- Editor's Note
This issue begins with Kandice Chuh's presidential address delivered at the ASA annual meeting in Chicago in November 2017. In the face of a wide range of attacks on academic freedom nationally and globally, Chuh asks us to deliberate responses to the current scene, not by defending academic freedom but first by tracing the longue durée of the principle originating in professionalization of the academy with its underpinning liberal ideology and US nationalism. She further reminds us of the conceptions of the autonomous rights-bearing citizen that shape the understanding of academic freedom, which has then been deployed against the interrogation of racism and settler colonialism in the name of civility. She calls on us, as an association, to unlearn the inherited ways of knowing and being and to practice the year's conference theme, "a pedagogy of dissent": "an organized approach to un/learning grounded in the world and founded in generosity and compassion, understood to be essential to social transformation." In response, Soo Ah Kwon reflects on the ways in which our own professional labor in universities is often implicated in the logic of liberal academic freedom and its neoliberal products—for instance, in our advocacy for institutional diversity that is devoid of political and structural inquiry into inequality and injustice. She reminds us of the need for a relentless critique of our profession, its governing logic, and our relationship to universities as our workplace. Jodi Melamed uses Chuh's address to situate US higher education in the context of the proliferation of rights-based forms of racial and colonial capitalist violence in the name of the common good. Discussing how the ASA itself has been a very site of such contestations, she asks us to contemplate the kinds and forms of "thick relationality" that would form pedagogies of collective action in our own association.
Four essays address various modes of temporalities and spatialities in the way the world is captured by artists, writers, and critics. Frances Tran's elegant essay, "Time Traveling with Care: On Female Coolies and Archival Speculations," approaches the history of the coolie trade and the figure of the female coolie using the science fiction trope of time travel, proposing an affective and aesthetic practice with the archive that does not aim to reproduce mastery or establish subjects as knowable entities. In "Appraisal Narratives: Reading Race on the Midcentury Block," Adrienne Brown problematizes another set of archives—narratives of residential segregation in literary fiction, forms, manuals, maps, and urban reportage—to illustrate how idioms of perception, value, and taste undergirding home ownership and neighborhood value in the United [End Page vii] States have been organized by race. Brandon Webb's "Laughter Louder Than Bombs? Apocalyptic Graphic Satire in Cold War Cartooning, 1946–1959" examines the left-liberal divide in the works of the nation's leading syndicated cartoonists, Herbert Block and Jules Feiffer, to argue that satirizing the contradictions of the nuclear era meant questioning the basic assumptions of the Cold War rivalry and breaking from the consensus framework. Simon Willmetts's "Digital Dystopia: Surveillance, Autonomy, and Social Justice in Gary Shteyngart's Super Sad True Love Story" analyzes the question of autonomy in Shteyngart's novel to argue for personhood presented in the dystopian genre that is socially embedded and politically engaged, and a necessary but insufficient precondition for the resistance and refusal of digital mass surveillance.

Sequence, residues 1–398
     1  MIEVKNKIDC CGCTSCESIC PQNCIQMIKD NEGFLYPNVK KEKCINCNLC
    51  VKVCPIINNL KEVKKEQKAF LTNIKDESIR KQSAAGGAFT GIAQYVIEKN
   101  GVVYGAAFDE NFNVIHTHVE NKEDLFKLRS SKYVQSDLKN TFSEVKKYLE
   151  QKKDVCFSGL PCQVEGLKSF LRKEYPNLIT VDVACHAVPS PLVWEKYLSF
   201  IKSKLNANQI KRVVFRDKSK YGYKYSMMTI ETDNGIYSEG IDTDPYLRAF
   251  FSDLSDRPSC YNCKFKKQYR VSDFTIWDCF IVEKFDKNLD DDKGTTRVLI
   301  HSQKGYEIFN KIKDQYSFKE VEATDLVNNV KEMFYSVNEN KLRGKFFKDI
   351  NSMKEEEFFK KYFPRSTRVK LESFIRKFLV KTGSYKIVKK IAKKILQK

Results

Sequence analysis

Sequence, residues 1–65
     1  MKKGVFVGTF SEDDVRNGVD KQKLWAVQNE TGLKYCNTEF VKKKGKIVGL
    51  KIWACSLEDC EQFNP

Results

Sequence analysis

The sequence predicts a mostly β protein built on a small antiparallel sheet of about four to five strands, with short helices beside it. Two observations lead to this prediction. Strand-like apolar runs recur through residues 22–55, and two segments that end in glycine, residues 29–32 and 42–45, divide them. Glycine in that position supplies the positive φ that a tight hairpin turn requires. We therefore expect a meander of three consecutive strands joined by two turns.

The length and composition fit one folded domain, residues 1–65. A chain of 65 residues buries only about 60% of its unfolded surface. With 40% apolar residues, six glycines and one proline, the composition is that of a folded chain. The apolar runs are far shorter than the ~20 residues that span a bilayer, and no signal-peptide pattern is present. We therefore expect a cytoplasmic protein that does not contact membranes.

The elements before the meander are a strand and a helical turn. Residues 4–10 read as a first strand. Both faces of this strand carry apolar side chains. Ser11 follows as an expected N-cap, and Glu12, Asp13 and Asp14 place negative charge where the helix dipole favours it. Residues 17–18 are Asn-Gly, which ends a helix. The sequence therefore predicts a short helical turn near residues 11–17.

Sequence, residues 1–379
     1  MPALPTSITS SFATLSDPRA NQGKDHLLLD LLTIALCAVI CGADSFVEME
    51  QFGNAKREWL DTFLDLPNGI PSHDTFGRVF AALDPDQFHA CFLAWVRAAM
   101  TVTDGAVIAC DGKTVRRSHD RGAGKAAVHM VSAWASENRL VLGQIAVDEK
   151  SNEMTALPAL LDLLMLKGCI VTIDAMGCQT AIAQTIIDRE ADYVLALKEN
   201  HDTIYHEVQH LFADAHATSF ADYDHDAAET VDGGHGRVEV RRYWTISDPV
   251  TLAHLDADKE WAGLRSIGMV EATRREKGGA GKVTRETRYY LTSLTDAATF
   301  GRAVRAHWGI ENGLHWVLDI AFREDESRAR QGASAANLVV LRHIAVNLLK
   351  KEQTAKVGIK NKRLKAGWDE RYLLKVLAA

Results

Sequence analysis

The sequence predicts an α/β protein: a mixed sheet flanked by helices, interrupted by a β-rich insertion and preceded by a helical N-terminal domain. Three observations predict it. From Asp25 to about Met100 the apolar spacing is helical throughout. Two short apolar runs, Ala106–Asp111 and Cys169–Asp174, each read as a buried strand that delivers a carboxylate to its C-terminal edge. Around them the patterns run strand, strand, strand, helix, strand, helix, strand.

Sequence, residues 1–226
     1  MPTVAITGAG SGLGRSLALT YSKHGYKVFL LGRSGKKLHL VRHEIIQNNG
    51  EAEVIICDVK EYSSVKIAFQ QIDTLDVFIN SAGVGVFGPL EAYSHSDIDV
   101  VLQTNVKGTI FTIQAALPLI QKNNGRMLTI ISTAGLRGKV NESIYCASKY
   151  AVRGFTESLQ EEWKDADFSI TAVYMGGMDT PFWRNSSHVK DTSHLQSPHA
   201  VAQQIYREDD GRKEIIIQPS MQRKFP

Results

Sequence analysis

The issue carries four book reviews on topics that are all the more relevant in our times. Joseph Stuart reviews five books on racial formation and the civil rights movement. Rebecca Hill discusses works on the history of political culture and the shaping of public opinion and discourse. The three books reviewed by Benjamin Medeiros take up the political and cultural battles over free speech on college campuses. Christopher Perreira discusses three books that deal with the cultures and logics of the carceral state and settler colonialism.
In the Event Review, Doug Ishii discusses the exhibit on the incarceration of Japanese Americans during World War II at Alphawood Gallery in Chicago. The social impact game Survivance—which takes its name from Anishinaabe scholar Gerald Vizenor's term that...